Hosur |14-year-old works with Municipality Commissioner on 2-month deadline to fix open-drainage system in her locality.
What if the government worked with you, not for you? Amizhdhiniy R.S from Hosur is challenging deeply rooted biases as she builds her civic muscle.
We want to put a disclaimer out there: we are not here to solve all of the nation’s civic problems for it. Neither are our Solve Ninjas going to clean-sweep eliminate every single problem each of your localities has.
What we can promise is that the newest, youngest generation of Indians are not going to be like the rest of us. They will not flippantly grow up ignoring problems around them, they will not grow up to be entitled expecting problems to solve themselves or be solved for them. They will be active, hawk-eyed citizens ready to prance upon problems they find surrounding them every day and working diligently to solve them however they can. They will be empathetic, compassionate citizens who will work together to find solutions, instead of playing the blame game and waiting around to see if someone else will solve the problem for them.
They will be the democratic citizens Gandhiji dreamt of, that he fought to get freedom for. This is what our movement is about. And this is what Amizhdhiniy’s story amongst thousands of others illustrates.
Her first day at Reap Benefit, Amizhdhiniy only grew more wide-eyed. Here she was, suddenly being able to unleash her every frustration with her neighborhood and somehow she was going to be able to do something about it. She was upset with a lot of things; which when she mulled over with her mentor boiled down to an open-drainage right in front of her house. People kept throwing garbage into this and when the rains came, the rotting, singeing and frothing garbage would overflow bubbling onto the streets and invite nasty smells, disease-carrying mosquitoes and very unpleasant days and evenings to Amizhdhiniy’s neighborhood.
She did not like this and very quickly decided that she would somehow ‘convince’ people to not throw garbage in there anymore. Her mentor prodded her, “Would that make the smells go away, the drain itself go away? Why is it there? Why is it open?”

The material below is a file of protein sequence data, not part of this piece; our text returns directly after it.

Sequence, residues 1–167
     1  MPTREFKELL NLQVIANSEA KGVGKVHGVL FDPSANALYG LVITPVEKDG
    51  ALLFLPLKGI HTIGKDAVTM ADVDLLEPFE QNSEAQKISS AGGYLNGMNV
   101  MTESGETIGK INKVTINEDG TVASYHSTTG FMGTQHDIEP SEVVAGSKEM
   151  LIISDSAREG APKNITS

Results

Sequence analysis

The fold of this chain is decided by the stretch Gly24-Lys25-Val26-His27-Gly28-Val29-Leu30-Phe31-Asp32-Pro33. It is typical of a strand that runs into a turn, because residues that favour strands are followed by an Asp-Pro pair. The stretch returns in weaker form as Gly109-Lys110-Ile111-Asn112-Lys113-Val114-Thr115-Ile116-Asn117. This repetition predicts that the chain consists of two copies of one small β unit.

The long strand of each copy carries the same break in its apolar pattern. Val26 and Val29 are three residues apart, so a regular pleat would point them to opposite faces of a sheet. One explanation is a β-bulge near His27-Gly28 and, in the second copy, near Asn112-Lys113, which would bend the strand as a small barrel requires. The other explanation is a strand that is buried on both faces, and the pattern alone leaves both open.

After having discovered something that bothered her, Amizhdhiniy was onto step two of our four-step process in activating a young citizen’s civic muscle. She began diligently investigating the problem. She went around asking over fifty households in her community why the drainage existed, whether they had ever tried doing something about this and why this problem wasn’t going away. What she gathered was that many other people found this a problem, and a few of them had complained about it a couple of years ago unofficially and then given up, “because nothing actual is going to come of trying, anyway.”
Further determined, Amizhdhiniy picked this up with more resolve and began solving and sharing, parts three and four of the process. She decided that the open drainage needed to be sorted and connected to the larger city’s drainage system and that the government had to do it. If they hadn’t already, ‘why?’ — and if they hadn’t listened to lone people making unofficial complaints, she would go many steps further. She gathered all the data she had already collected and put it into a campaign and petition, for which she went house-by-house gathering close to a hundred signatures. Then she called the Municipality Commissioner’s office and laid everything she had done, requesting a meeting with him to discuss this. She wasn’t demanding anything, she wasn’t being entitled and merely complaining — she had done what she needed to do and she was making a proposal of what she wanted. The Commissioner’s office arranged a meeting between her and him for the very next morning. That evening, she called her mentor at Reap Benefit and role-played her conversation with the Commissioner. She was excited, nervous and rapidly persuasive when she began speaking about the work she had done.
Amizhdhiniy was prepared the next morning; with data, anecdotal stories to tell and a proposed solution. She walked in with courage, but also with respect. She knew what she wanted, but she wasn’t there to demand it, she was there to quietly and collaboratively work a solution out. The Commissioner and Amizhdhiniy exchanged information, shared what they knew and decided on an action plan — the Commissioner was to visit her locality the next morning. He gave her his mobile number, so she could contact him directly if she needed to do so.
He paid her locality an inspection visit the next morning, and upon further investigation and ideating, promised Amizhdhiniy that he would have his engineers come in shortly to begin fixing the issue. They decided on a deadline of two months, which she very excitedly told her mentor at Reap Benefit, right before rushing off to Hindi tuitions.
How many beliefs, or should we say biases, do we hold immutably dear when we regard the places we live in or the governments we choose? That nothing can be done, that we ‘deserve’ civic luxuries and don’t have to work for them, that governments are inherently and always useless.
In Amizhdhiniy, activating the civic muscle meant supporting her natural curiosity and persistence blossoming into beliefs and actions that toppled redundant, societal ones on their heads — while still being the young girl who has to run to tuitions and a citizen that brings meaningful impact in her community’s everyday lives, by solving small and denting big.